The Petit Hameau (The Little Hamlet), or “Le Hameau de la Reine,” was situated in the English-style gardens of the Petit Trianon. Created in 1783, the Petit Hameau was a mock farm area, complete with farmhouse, dairy, and poultry yard …
When visiting this ersatz farm, Marie Antoinette and her attendants would dress as shepherdesses, and play at milking the cows and tending other docile animals. The farmhouse interior was more opulent, featuring all of the luxuries expected by the Queen and her ladies….
The Petit Hameau was part of the landscape of the “natural” English garden, but it was also a reflection of France’s cultural values on the eve of the Revolution. This artificial nature retreat mirrored the moral values associated with natural simplicity and virtue.
Novelists, playwrights, and moralists encouraged the aristocracy to act their part by giving a helping hand to the deserving poor in well-staged events that would reflect well on them….
The aristocracy, however, were known to turn all this simplicity into a pretty spectacle.
Most of the events center on talking. But beyond lectures and panel discussions, the agenda also features more esoteric attractions. One notable event is a simulation of a refugee’s experience, where Davos attendees crawl on their hands and knees and pretend to flee from advancing armies.
If forced to choose between these two disgusting charades, I’d have to say that the one performed by Marie-Antoinette was somewhat less repulsive. To be sure, the queen and her courtiers were acting out a grotesquely idealized pastiche of rural life (supposedly made more authentic, incidentally, by the presence of, so to speak, ‘show peasants’ who did the real farm work) of remarkable insensitivity, but it was, fundamentally, a performance, a game with only a nod to “virtue”.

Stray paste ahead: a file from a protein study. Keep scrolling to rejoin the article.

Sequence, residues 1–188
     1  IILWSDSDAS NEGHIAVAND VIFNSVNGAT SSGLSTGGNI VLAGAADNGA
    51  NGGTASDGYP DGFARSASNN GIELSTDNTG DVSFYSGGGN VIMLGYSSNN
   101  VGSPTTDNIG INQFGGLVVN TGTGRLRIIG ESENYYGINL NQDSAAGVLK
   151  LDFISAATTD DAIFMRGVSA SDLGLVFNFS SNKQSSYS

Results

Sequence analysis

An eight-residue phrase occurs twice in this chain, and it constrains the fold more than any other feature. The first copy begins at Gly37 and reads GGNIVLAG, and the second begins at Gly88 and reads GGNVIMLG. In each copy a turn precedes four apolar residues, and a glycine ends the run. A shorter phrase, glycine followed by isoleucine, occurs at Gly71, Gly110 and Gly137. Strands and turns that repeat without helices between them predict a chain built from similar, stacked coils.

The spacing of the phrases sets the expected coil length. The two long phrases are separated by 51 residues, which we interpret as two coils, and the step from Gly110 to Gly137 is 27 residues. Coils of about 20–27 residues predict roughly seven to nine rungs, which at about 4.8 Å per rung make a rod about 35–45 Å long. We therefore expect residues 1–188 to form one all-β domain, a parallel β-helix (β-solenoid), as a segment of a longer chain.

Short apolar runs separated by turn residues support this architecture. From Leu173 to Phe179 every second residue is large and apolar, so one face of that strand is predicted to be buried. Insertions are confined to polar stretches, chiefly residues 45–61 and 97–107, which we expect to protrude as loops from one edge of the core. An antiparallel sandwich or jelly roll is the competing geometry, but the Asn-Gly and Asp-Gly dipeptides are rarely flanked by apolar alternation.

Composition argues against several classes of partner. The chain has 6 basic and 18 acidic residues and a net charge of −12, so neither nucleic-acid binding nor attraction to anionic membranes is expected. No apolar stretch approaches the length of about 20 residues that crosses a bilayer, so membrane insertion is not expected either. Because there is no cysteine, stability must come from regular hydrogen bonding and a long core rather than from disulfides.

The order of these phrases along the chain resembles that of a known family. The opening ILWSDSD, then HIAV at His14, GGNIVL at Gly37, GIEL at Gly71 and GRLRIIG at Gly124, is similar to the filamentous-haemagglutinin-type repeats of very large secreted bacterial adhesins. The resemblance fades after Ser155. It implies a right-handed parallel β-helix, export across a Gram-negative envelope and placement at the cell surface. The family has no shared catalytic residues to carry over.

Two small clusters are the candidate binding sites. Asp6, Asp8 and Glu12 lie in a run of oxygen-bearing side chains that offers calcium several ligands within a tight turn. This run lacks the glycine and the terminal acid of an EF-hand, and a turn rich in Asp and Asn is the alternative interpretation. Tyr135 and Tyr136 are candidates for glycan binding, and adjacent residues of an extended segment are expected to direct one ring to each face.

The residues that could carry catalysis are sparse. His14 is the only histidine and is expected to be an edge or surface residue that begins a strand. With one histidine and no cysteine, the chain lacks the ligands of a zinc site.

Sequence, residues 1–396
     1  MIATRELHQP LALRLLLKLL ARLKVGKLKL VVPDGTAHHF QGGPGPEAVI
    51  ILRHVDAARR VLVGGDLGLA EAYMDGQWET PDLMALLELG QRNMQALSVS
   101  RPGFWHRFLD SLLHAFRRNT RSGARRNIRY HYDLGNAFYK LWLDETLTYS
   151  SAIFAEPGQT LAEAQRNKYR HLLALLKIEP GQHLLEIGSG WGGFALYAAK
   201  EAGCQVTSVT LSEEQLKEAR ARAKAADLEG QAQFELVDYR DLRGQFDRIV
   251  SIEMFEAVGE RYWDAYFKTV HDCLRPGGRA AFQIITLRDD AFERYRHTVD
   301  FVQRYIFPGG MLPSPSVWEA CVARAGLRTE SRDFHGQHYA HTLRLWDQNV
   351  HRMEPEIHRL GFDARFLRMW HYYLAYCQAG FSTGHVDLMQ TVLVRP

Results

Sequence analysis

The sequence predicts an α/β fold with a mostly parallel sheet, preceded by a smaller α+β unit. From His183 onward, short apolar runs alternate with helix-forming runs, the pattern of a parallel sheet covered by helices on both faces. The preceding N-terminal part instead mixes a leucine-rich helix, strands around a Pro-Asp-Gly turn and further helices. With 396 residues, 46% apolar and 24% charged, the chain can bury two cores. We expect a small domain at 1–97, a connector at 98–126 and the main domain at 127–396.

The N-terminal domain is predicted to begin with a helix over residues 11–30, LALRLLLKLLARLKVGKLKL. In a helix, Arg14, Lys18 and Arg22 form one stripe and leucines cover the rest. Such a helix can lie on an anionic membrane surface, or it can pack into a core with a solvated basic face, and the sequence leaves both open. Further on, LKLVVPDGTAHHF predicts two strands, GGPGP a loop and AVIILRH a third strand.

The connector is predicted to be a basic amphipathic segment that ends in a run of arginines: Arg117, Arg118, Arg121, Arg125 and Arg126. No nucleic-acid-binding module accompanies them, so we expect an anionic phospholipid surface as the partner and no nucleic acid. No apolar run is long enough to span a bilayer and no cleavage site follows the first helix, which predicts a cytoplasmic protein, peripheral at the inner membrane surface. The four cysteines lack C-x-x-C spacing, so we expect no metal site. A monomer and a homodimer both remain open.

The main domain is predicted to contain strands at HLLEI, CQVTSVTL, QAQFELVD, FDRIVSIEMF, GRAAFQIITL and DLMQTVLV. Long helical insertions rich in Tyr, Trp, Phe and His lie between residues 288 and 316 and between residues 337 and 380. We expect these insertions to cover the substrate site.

Contrast then, the spectacle at Davos, virtue-signaling at its most narcissistic. The participants in the farce, all of whom ought to be very well aware of the real horrors that refugees have to face, will make a great show of having learnt everything from an experience that will have taught them nothing, while being praised by fellow-participants, onlookers and, most importantly, themselves for having the courage and the empathy to submit to an ‘ordeal’ that is an insult to those who have had to suffer the real thing – and a gesture of contempt towards the intelligence of everyone else.
Or, if you are Ban-Ki Moon, late of the UN, it is “a profound experience that reminds us of the plight of millions of forcibly displaced people.”
As they should, the organizers acknowledge that it “is always a challenge to portray a global issue in a sensitive way, particularly in a very short time frame.”
But, no worries…
We ask… questions of our refugee colleagues, those who have lived it first-hand. Secondly, we liaise with NGO representatives who serve refugees in the camps and other locations where they are seeking shelter. These two groups help determine the story line and its trueness to life, the props and set that best reflect reality and the points they consider of critical importance for participants to take away.
And for participants who might be a little anxious about what awaits them:
Simulations vary but some can be very powerful. For that reason, we warn those considering an experience that they may be placed in an intense situation. We also assure them that no actual harm will come to them. In addition, we tell them that if at any point during the experience, they feel they cannot manage, they may leave immediately and we will have staff ready to speak with them, as needed. Since we began offering simulations, we have almost never found people do this, but the offer is always there.
Message to participants: How courageous you are, and (whispered) how thrilling it will be.
And there will always be time for a restorative cocktail at that nice little bar that will not, I am sure, be too far away.
The farmhouse interior was more opulent, featuring all of the luxuries expected by the Queen and her ladies….